The 100 MHz signal provided by oscillator 170 on line 180 is also input to frequency divider 192 and to mixer 194. Frequency divider 192 divides the 100 MHz signal to produce a 1.25 MHz signal on line 196 that forms the other input to mixer 194. The resulting mixed signal is input to crystal filter 198. The crystal filter preferentially selects the 101.25 MHz component of the mixed signal, to produce the reference signal on line 94. The 1.25 MHz signal on line 196 is also input to frequency divider 188, The division factor of frequency divider 188 being suitable for producing a sweep signal on line 190 of the appropriate frequency. For example, in the radar system illustrated above, a sweep period of 50 microseconds was assumed, and in such a system the sweep signal on line 190 would have a frequency on the order of 20 kHz. As a result of the described arrangement, both the reference signal on line 194 and the difference signal on line 176 will be phase locked to the sweep signal, and there will be an integer relationship between the sweep signal frequency and the frequencies of such reference and difference signals.
While the preferred embodiments of the invention have been illustrated and described, it is to be understood that variations will be apparent to those skilled in the art. Accordingly, the invention is not to be limited to the specific embodiments illustrated and described, and the true scope of the invention is to be determined by reference to the following claims.
|Cited Patent||Filing date||Publication date||Applicant||Title|
|US3344423 *||Jul 5, 1966||Sep 26, 1967||Honeywell Inc||Control apparatus|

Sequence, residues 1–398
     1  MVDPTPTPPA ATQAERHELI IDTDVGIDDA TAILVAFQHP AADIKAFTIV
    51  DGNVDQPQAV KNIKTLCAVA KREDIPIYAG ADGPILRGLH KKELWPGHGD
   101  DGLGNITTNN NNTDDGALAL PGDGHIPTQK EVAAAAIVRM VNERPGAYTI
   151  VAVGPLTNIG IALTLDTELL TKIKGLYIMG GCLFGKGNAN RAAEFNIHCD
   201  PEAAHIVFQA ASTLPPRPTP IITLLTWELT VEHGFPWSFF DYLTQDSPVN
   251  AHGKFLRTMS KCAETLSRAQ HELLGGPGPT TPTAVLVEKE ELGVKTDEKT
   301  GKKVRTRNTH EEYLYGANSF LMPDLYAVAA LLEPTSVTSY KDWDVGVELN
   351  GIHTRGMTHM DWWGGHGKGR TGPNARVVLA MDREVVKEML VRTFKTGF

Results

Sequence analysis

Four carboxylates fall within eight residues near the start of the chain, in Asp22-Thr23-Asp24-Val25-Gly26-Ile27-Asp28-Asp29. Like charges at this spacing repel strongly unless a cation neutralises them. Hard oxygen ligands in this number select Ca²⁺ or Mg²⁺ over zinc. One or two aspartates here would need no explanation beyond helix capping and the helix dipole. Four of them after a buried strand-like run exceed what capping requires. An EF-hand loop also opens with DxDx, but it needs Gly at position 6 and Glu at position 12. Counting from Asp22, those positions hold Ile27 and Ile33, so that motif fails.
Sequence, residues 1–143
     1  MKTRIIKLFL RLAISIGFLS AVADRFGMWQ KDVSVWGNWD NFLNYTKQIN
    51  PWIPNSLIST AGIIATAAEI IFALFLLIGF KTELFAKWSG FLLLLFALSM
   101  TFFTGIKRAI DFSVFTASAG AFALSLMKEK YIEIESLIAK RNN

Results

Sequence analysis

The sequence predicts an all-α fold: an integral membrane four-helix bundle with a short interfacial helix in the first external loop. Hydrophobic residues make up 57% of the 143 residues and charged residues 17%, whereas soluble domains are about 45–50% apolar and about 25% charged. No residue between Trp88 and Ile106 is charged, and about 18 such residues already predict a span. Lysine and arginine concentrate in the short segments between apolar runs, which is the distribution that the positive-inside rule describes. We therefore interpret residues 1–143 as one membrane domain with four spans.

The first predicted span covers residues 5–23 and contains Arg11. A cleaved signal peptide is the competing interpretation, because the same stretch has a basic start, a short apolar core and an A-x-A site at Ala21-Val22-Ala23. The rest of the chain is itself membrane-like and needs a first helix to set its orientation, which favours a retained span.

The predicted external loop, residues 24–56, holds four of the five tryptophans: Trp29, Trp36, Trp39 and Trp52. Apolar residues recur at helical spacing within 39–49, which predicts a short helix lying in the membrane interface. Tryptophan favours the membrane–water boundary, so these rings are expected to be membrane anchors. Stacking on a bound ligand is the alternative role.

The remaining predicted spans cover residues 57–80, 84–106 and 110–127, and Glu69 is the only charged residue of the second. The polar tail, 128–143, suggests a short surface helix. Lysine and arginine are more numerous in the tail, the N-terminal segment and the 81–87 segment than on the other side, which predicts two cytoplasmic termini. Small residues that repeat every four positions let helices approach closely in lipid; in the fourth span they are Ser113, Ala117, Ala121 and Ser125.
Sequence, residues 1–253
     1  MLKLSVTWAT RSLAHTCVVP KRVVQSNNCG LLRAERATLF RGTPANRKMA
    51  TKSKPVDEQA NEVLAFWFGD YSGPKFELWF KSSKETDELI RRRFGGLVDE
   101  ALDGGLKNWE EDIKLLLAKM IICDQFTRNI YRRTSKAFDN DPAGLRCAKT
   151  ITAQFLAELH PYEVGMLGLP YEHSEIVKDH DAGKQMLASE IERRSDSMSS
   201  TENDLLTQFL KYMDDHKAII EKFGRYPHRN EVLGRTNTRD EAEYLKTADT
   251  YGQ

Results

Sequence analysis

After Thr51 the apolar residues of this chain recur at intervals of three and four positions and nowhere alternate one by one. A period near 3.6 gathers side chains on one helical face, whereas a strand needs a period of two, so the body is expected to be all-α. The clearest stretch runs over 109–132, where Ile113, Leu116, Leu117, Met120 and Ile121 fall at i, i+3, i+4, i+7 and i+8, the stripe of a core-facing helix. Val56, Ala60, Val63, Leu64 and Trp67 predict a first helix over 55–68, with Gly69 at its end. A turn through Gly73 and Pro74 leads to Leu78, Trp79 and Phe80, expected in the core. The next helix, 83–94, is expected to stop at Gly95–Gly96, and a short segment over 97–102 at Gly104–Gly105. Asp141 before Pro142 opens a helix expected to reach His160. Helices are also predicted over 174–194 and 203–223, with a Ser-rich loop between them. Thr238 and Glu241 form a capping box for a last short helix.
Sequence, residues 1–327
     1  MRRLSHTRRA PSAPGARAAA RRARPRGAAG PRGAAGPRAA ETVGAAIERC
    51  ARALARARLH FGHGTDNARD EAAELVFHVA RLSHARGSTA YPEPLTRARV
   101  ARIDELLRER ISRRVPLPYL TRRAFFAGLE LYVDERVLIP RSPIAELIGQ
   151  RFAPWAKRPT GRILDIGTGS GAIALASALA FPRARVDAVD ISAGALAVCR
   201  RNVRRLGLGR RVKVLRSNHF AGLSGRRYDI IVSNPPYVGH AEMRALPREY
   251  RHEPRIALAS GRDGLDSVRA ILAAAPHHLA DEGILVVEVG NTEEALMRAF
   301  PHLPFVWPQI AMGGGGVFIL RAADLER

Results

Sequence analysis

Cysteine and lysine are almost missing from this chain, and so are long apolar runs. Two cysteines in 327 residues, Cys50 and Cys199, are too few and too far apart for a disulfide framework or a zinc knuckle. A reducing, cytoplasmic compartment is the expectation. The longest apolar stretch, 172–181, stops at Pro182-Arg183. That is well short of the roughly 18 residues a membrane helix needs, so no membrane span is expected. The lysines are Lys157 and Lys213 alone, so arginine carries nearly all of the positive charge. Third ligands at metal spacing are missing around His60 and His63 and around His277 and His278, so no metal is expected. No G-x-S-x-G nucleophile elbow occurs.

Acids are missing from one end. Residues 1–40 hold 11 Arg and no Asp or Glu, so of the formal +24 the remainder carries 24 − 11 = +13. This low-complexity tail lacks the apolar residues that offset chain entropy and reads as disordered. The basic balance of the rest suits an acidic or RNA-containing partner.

|US3621450 *||Dec 15, 1969||Nov 16, 1971||Goodyear Aerospace Corp||Linear sweep frequency generator with sampling circuit phase control loop|
|US3699448 *||Feb 8, 1971||Oct 17, 1972||Gregory L Martin||Precision generation of linear f. m. signal|
|US3958186 *||Mar 10, 1975||May 18, 1976||Motorola, Inc.||Wideband phase locked loop transmitter system|
|US4038612 *||May 21, 1976||Jul 26, 1977||International Telephone And Telegraph Corporation||Swept oscillator automatic linearizer|
|US4047223 *||Jan 16, 1976||Sep 6, 1977||Zenith Radio Corporation||Frequency scanning automatic phase control system|
|US4245196 *||Jul 30, 1979||Jan 13, 1981||The United States Of America As Represented By The Secretary Of The Army||Highly-linear closed-loop frequency sweep generator|
|US4336511 *||Apr 9, 1979||Jun 22, 1982||Sanders Associates, Inc.||Method and apparatus for increasing the sweep rate of a linearly swept frequency oscillator|
|US4434407 *||Apr 6, 1981||Feb 28, 1984||Westinghouse Electric Corp.||Presetting circuit for the voltage-controlled oscillator of a phase lock loop|
|US4442412 *||Nov 12, 1981||Apr 10, 1984||Rca Corporation||Phase locked-loop generator with closed-loop forcing function shaper|
|1||"Conference on Performance of a Linear FM Radar Transmitter at 35 GHz", Peyton Peebles and A. H. Green, Apr. 1982.|
|2||*||Conference on Performance of a Linear FM Radar Transmitter at 35 GHz , Peyton Peebles and A. H. Green, Apr. 1982.|